Food is an important part of any celebration, and that is especially true when holidays arrive. Because the holidays can be hectic, convenience is key. When it comes to food, that includes ordering from catalogs, gourmet Web sites and television shopping channels as well as picking up prepared meals from the supermarket and taking advantage of home grocery delivery. If not properly handled, stored, and prepared, food products can harbor many different organisms that can cause food borne illnesses.
The most important safety precaution is to make sure you are ordering from a reputable company. If you are ordering perishable food, either make sure someone will be home to accept the delivery, or have the food sent to your workplace so you can immediately get it into the refrigerator. If you are sending food as a gift, let the recipient know that it is coming so someone will be there to receive it.
When ordering frozen foods, make sure they are properly packed with a cold source such as an ice pack or dry ice to maintain safe temperature. Perishable foods should be shipped via overnight delivery to make sure they stay cold. Frozen food should be stored at 0°F and thawed carefully either in a refrigerator or as part of the cooking process, not at room temperature. If perishable food arrives warm -- above 40°F as measured with a food thermometer, notify the company, and do not consume the food.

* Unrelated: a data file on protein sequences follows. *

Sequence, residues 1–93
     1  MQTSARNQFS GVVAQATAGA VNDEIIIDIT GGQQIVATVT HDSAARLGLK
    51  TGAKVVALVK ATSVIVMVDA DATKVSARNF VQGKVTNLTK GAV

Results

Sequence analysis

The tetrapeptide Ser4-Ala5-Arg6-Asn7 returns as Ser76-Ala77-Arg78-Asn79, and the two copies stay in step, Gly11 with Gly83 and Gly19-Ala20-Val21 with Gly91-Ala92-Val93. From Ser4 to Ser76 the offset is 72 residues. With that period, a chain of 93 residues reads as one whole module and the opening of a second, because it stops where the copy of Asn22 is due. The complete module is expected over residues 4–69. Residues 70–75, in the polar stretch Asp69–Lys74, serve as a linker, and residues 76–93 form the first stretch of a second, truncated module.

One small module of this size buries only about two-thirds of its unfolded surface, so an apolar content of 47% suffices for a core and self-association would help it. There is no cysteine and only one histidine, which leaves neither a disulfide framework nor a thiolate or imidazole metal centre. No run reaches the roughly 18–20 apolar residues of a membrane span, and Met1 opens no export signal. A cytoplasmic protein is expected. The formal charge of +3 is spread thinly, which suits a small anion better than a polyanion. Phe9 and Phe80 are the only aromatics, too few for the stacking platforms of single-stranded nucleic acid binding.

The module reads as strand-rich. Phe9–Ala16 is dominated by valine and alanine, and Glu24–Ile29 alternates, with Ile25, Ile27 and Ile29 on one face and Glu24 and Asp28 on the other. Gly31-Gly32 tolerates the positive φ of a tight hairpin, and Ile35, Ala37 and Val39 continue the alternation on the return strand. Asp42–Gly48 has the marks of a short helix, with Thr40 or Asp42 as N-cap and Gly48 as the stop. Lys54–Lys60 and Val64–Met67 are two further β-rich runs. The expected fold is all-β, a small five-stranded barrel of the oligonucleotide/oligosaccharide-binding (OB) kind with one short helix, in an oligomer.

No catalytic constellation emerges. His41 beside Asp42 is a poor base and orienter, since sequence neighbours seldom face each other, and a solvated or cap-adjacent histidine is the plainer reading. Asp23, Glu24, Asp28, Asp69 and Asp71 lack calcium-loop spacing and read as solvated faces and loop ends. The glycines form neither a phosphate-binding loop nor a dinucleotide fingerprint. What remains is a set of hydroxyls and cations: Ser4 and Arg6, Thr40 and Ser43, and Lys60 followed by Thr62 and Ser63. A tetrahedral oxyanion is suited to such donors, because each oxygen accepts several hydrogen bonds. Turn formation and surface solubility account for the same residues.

Ordering groceries online and having them delivered right to your door is a great time-saver. The most important detail here is to make sure you can retrieve the food in time to get it into proper storage while it is still at a safe temperature. Do not arrange food delivery on a day when you know you will be home later than usual, as perishable foods need to be kept at or below 40°F.
If you are ordering a holiday dinner from your local market or specialty store, the most important thing to check for is proper cooling and storage. Food should be rapidly cooled from 140°F to 70°F within the first two hours and from 70°F to 40°F or less within an additional four hours. One sign that food has not been properly cooled is excessive condensation on the lid.
Once you get your meal home, keep it refrigerated until you are ready to use it (and do not run errands all over town with the prepared dinner in the back seat). When reheating, food should rapidly be heated from refrigeration temperatures to 165°F within two hours.